It is also worth noting that in 11% of businesses where no staff speak Welsh as a first language, at least one person is using Welsh in work.

In some cases staff are trying to learn Welsh or teach a few words to customers.

‘Negative impact’

Shadow Minister for Tourism, Tom Giffard says the Welsh Goverment shouldn’t be “enemies” of the tourism sector.

He said: “These findings show that Labour and Plaid’s policies for tourism are having a real negative impact among tourism operators.

“Tourism businesses are an important part of our economy, paying wages and keeping communities vibrant, and many of these businesses are deeply worried about Labour’s anti-tourism agenda.

“The Welsh Government should be the champions, not the enemies, of the tourism sector.”

The Welsh Government was invited to comment.


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Stevie B
Stevie B
1 month ago

Welsh Government tinkering in second homes and holiday lets will undoubtedly damage the tourism industry in Wales.

Ernie The Smallholder
Ernie The Smallholder
1 month ago
Reply to  Stevie B

Plaid Cymru supports a locally owned Welsh tourist industry. It is one of our important industries. There has been opposition to a proposal for a 5% tourist tax to be raised by local town or community councils to maintain and improve local provisions at the resorts. What Tories and others don’t mention is the 15% VAT tourist tax that is collected and kept by the UK government: thus taken out of the area and often Wales. The Welsh labour government has recently not performed too well for the people of Wales and having acted against Plaid Cymru’s advice and that… Read more »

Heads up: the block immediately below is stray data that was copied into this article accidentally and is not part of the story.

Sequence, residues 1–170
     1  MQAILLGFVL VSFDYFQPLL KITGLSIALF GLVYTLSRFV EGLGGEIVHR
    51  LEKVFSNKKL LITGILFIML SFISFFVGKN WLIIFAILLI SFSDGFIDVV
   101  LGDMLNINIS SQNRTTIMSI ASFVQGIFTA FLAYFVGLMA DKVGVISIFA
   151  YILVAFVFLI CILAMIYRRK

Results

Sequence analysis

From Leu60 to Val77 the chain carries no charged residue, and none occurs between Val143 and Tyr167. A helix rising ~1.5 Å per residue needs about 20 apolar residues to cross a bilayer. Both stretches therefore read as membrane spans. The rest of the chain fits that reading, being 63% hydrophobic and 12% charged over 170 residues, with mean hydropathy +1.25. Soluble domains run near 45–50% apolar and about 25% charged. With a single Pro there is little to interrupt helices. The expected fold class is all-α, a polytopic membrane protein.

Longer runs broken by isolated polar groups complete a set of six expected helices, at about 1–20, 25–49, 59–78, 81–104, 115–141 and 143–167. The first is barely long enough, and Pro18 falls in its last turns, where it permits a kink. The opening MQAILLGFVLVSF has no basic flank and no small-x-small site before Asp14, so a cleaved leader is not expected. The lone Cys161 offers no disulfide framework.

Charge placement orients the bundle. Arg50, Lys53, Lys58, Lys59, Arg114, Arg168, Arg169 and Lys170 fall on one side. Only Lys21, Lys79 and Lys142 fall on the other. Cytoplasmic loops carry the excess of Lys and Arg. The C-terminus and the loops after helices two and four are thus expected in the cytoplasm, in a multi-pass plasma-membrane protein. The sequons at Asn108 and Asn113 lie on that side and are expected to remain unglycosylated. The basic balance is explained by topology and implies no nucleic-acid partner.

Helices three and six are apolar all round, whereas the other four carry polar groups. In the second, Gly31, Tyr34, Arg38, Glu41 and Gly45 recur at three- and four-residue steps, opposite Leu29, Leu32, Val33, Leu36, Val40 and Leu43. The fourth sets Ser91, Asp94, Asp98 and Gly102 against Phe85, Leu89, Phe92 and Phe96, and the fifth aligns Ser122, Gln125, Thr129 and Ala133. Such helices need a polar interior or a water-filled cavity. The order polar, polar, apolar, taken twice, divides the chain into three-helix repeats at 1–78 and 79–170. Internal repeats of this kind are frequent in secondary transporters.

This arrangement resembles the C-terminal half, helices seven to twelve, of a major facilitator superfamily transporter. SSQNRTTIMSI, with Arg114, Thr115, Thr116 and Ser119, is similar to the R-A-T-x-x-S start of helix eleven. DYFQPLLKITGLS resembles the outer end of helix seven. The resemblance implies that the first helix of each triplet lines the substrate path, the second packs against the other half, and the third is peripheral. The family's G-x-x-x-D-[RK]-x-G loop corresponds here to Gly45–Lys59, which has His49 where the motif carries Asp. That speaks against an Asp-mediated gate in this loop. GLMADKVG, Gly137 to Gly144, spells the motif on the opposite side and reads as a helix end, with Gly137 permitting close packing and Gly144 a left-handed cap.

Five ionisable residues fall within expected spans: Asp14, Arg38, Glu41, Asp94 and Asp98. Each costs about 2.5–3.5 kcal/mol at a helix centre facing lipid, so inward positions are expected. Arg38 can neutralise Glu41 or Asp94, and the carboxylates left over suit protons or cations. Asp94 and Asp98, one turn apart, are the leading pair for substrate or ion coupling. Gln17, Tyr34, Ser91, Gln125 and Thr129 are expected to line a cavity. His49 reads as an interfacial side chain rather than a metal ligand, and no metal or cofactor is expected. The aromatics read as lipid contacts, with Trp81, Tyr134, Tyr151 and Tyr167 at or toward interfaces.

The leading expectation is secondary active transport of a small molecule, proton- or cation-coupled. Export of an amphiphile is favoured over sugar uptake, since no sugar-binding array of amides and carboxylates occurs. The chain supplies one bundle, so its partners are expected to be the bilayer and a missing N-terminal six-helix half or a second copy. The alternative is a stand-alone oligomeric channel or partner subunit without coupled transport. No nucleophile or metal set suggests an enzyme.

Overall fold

Iago Traferth
Iago Traferth
1 month ago

Westminster’s fault.

Caradwg
Caradwg
1 month ago

Er, the Cooperation Agreement, signed by Adam and Mark Drakeford was put in place, ar the point of signature, until December this year. So hardly a case of Plaid withdrawing.

JNRM
JNRM
1 month ago

15% VAT! What about the £22billion the WG receive each year from Westminster?

Arthur
Arthur
1 month ago
Reply to  Stevie B

In Ceredigion up to March 2023, it was local people who contributed to the ‘second home’ premium pot not the second home owners. Mass exodus to holiday let during COVID 19 when there were travelling restrictions ( I ask you !) – full business rates relief and a £10k Brucie Bonus !! Law of the jungle !

JNRM
JNRM
1 month ago
Reply to  Arthur

Second home owners were banned from occupying their properties during Covid. In a number of cases the police turned up to inform.them to.leave.
The WG has recently backtracked saying they never said they couldn’t occupy their second homes just that they were banned from travelling to them!!!!!! This was designed to prevent SH owners reclaiming CT as their properties couldn’t be occupied by law.
Since when have locals paid the CT Premium on behalf of SH owners?